Posted: Sun, 7th Jun 2009, 3:03am
Post 1 of 4
I recently was watching a short video that i had added a few effects to with Visionlab and realized that a gun shot effect which I know i saw on the same video a few days before post-rendering had dissappeared. The effect then came and went a couple of times watching the video again and again. Has anyone else encountered this? I was under the impression that once the video was rendered out of the lab the effects were permanently attached. could anyone shed some light on this one for me? thanks for your time.
Posted: Sun, 7th Jun 2009, 4:30am
Post 2 of 4
Most likely the effect only lasts for a single field, or half of one frame, of your video which is interlaced. When it is played back on a progressive screen, only your computer, it will only appear if the playback software decides to use the field containing the effect for that particular frame.
In case you aren't familiar with the concept of interlacing, here's a quick explanation. Nearly all video cameras record interlaced footage, as nearly all video playback devices and televisions display in interlaced format. This means that NTSC footage, with runs at 30 frames per second (technically 29.97, but that's another story) doesn't display Frame 1, 2, 3, 4 etc., but rather, Frame 1a, 1b, 2a, 2b, 3a, 3b etc. Each field is displayed for 1/60th of a second, so fields 1a and 1b combine to last 1/30th of a second, or the duration of frame 1. Each field contains either the odd numbered or even numbered horizontal lines of resolution of the frame, and when played back in sequence, they are interlaced to create the entire frame.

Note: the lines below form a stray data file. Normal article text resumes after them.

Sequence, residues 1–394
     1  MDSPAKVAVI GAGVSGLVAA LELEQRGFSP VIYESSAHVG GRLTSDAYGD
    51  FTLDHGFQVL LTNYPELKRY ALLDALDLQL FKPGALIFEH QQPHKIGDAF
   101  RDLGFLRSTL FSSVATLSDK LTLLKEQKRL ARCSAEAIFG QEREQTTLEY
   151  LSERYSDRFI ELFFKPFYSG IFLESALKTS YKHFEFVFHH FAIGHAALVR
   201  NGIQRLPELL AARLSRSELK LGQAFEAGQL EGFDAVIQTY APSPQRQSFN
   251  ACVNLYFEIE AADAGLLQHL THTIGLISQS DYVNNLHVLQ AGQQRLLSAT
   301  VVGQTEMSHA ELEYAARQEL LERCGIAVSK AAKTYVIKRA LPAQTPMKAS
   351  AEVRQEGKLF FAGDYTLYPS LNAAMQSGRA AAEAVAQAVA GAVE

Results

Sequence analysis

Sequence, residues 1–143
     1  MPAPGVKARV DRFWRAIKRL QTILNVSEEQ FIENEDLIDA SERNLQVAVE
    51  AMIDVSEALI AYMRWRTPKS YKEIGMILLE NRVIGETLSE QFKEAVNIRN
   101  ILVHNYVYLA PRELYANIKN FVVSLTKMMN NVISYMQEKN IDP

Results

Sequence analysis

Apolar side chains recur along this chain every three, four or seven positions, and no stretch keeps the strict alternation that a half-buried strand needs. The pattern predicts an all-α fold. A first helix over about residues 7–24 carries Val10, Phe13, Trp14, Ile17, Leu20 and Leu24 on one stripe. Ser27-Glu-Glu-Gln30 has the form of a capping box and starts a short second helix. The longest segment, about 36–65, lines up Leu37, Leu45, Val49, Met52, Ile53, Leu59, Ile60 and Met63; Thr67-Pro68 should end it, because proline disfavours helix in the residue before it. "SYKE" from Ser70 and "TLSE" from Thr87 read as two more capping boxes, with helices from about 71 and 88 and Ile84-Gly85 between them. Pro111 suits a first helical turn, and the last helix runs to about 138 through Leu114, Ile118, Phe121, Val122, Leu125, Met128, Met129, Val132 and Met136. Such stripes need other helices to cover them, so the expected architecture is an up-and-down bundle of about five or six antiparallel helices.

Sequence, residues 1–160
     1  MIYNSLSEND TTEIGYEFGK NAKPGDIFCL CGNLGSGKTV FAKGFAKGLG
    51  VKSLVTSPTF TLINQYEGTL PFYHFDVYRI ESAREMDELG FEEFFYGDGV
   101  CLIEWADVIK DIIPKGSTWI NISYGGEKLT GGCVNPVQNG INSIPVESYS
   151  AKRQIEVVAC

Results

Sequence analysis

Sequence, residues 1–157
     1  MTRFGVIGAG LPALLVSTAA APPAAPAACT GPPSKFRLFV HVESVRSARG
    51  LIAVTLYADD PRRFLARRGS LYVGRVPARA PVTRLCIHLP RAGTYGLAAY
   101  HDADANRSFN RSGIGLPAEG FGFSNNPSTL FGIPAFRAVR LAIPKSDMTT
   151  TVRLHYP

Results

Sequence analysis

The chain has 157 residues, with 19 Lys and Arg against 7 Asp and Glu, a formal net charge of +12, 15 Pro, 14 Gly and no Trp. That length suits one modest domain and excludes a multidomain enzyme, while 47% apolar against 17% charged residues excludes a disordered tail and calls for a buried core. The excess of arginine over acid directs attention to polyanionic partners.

Now, where things get confusing is that computer monitors aren't interlaced, they are progressive, so they will only display one or the other of the fields when you play back the footage. So if you have an effect that only appears on the even field, and the computer uses the odd field during playback, the effect won't appear. The best way to avoid this is to make sure any effect lasts an entire frame, or two fields, when working with interlaced footage.
Posted: Mon, 8th Jun 2009, 12:00pm
Post 3 of 4
You are right on the money axeman. It is a very quick effect. Thank you for the explanation. It makes alot more sense now, and gives me confidence in the program for the future as well. I don't suppose the human eye would really be able to discern if I lengthened the muzzle flash to extend to a full frame anyways huh? Thanks alot for your time!!
Posted: Mon, 8th Jun 2009, 3:02pm
Post 4 of 4
Nope, at a full frame, your computer will still only display one field or the other, and when played back on a tv, where you see both fields, it still only lasts a 30th of a second or so. It'll still be very very quick.